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Chinese markets soared and the yuan rose on Friday, with about a trillion dollars added to the value of Chinese stocks in week, as words and news reports fed hopes for twin relief in US-China tension and China’s tough COVID rules.
The Hang Seng surged 5.3% and notched its biggest weekly gain in 11 years. The Shanghai Composite rose 2.4% for a 5.3% weekly gain, the largest in more than two years and China-sensitive assets around the world rose sharply.
Bloomberg News reported initial US inspections of audit papers at US-listed Chinese companies – a long-running point of regulatory tension and risk – finished ahead of time, raising hopes that the US officials were satisfied.
Unsubstantiated social media posts flagging an aim to relax COVID rules in March have also driven optimism all week and seemed to get new momentum on Friday.
A former Chinese senior disease control official told a closed-door conference that substantial changes to the country’s zero-COVID policy were set to take place in the next five to six months, according to a recording of the session heard by Reuters.
Gains were broad, overshadowing a downbeat mood in global markets on the prospect of US interest rates rising further than previously expected. Property and tech shares led the way.
Shares in online giants Alibaba and JD.com each rose more than 10% and the Hang Seng Tech index rose 7.5%. Property manager Country Garden Services rose 15% and an index of mainland developers rose 9%.
Hedge fund manager Lei Ming said the re-opening rumour is just the trigger for a rebound in an oversold market.
Gains in value, across Hong Kong, Shenzhen and Shanghai over the week are approximately $1 trillion. However the Hang Seng remains down 30% this year against a 24% fall in world stocks . The Shanghai Composite is down 15% this year. The rally extended to commodities markets with iron ore futures surging on Friday, and China-sensitive stocks listed in London and Europe.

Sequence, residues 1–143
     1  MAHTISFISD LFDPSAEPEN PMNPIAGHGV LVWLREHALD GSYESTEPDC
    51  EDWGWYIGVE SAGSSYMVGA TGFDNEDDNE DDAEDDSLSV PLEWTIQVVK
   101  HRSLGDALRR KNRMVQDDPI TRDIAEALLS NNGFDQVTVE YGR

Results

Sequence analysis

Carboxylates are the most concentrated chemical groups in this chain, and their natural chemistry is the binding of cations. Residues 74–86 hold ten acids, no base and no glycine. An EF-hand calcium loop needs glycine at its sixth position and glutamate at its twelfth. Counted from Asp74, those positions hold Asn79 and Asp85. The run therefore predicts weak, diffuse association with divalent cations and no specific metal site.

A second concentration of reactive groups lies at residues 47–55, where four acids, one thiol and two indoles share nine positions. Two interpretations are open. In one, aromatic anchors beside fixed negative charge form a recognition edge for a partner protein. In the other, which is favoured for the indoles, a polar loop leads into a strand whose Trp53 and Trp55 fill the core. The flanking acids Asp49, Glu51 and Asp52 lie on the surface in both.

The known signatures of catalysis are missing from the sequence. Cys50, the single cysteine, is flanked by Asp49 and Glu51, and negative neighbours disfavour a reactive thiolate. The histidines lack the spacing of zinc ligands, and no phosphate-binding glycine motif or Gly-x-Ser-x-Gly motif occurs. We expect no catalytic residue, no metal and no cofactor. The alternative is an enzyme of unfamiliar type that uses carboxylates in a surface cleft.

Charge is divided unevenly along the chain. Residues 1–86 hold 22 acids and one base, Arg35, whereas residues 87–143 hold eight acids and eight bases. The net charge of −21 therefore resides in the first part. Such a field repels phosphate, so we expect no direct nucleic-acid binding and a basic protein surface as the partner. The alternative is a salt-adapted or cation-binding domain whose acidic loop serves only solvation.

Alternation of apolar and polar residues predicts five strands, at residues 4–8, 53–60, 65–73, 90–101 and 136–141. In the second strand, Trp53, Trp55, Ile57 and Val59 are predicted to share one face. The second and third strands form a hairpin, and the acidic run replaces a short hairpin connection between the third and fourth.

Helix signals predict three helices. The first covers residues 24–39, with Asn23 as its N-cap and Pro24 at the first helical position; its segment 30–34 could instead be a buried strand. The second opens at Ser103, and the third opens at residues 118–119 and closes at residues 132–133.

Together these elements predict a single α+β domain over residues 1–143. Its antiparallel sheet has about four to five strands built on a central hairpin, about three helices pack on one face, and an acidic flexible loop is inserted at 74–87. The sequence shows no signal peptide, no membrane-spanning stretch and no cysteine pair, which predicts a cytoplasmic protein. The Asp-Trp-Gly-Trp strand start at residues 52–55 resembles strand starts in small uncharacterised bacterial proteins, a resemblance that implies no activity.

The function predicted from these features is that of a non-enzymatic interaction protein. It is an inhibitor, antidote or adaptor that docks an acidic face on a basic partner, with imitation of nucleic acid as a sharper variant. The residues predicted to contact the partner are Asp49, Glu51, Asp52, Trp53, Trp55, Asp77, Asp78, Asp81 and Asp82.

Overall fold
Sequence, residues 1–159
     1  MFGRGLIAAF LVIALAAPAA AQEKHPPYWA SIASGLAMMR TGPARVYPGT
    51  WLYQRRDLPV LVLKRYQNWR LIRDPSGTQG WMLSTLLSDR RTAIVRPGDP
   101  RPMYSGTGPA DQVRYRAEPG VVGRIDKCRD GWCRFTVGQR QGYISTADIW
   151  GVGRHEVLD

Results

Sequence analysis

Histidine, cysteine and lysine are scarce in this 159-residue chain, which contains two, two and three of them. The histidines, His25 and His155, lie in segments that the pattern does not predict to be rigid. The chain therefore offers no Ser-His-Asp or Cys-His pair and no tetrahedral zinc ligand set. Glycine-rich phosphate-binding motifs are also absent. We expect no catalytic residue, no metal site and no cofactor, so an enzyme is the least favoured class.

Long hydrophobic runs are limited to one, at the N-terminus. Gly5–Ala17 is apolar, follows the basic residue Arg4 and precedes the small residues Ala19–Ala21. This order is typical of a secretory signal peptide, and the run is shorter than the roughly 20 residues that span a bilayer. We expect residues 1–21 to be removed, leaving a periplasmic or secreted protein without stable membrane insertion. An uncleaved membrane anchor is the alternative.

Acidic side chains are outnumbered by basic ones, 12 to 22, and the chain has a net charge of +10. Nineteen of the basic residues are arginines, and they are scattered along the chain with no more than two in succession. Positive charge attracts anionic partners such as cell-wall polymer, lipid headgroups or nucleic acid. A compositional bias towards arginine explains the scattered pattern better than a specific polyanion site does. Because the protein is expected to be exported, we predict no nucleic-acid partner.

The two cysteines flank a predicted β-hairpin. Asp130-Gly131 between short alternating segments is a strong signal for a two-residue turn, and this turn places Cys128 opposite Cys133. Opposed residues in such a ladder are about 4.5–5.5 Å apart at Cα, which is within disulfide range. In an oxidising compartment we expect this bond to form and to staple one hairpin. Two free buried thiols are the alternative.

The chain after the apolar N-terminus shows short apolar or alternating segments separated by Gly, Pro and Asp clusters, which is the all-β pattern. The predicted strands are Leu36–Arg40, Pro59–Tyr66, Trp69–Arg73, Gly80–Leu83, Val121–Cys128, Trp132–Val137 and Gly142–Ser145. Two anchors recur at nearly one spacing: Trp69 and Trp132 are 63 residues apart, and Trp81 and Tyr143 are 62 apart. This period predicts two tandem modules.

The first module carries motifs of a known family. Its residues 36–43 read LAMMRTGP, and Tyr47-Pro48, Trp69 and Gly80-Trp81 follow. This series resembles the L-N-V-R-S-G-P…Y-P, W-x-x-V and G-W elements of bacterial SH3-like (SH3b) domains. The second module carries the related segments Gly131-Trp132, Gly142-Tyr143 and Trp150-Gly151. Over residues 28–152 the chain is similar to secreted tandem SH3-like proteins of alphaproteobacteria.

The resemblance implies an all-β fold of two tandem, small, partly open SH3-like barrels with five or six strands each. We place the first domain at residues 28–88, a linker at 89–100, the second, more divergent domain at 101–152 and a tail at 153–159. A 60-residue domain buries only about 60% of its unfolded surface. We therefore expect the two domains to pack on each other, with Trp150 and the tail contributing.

Miners such as Rio Tinto and Anglo American rose sharply along with luxury retails like LVMH and Swiss jeweller Richemont.
US-listed China stocks surged in early trading, with Nasdaq Golden Dragon China index on track for its best week in eight months following its worst monthly performance on record in October.
US stocks up on jobs data: Stocks are up Friday as Wall Street weighs how to read the latest data on the US jobs market and hopes that the world’s second-largest economy may be set for a boost.
The S&P 500 was 1.3% higher in midday trading after the US government said the unemployment rate ticked higher in October and employers added fewer jobs than they had a month earlier. Perhaps even more key for markets was that average raises for workers also slowed last month.
The data offers some hope that the Federal Reserve’s intentional efforts to weaken the jobs market may be starting to take effect and may help lower the nation’s high inflation. The slowdown, though, was more modest than economists expected. And it changed very few minds, if any, on Wall Street about what’s going to happen next: The Fed will keep hiking interest rates toward levels rarely seen this millennium, moves that will further brake the economy and drag on prices for stocks and other investments.
The Dow Jones Industrial Average was up 425 points, or 1.3%, at 32,427, as of 11:17 a.m. Eastern time, and the Nasdaq composite was 1.1% higher.
Markets around the world wobbled in the minutes immediately following the release of the US jobs data, which is one of the most anticipated reports on Wall Street every month. The yield on the two-year Treasury, which tends to track expectations for action by the Fed, jerked up and down a few times before eventually easing.
Stocks also resumed climbing. Markets had been higher earlier in the day, in part on hopes that China may soon relax anti-COVID policies that have sometimes caused entire cities to be locked down for weeks.
Such a move could give a big boost to the global economy when aggressive interest-rate hikes by central banks from the Americas to New Zealand are raising worries about recessions around the world.
The price of copper also climbed 7%. A stronger Chinese economy would devour more raw materials, and shares of miner Freeport-McMoRan soared 11.2% for the biggest gain in the S&P 500.
Stocks also rallied across Europe. France’s CAC 40 rose 3.3%, and Germany’s DAX returned 3%. The yield on the two-year Treasury fell to 4.69% from 4.72% late Thursday.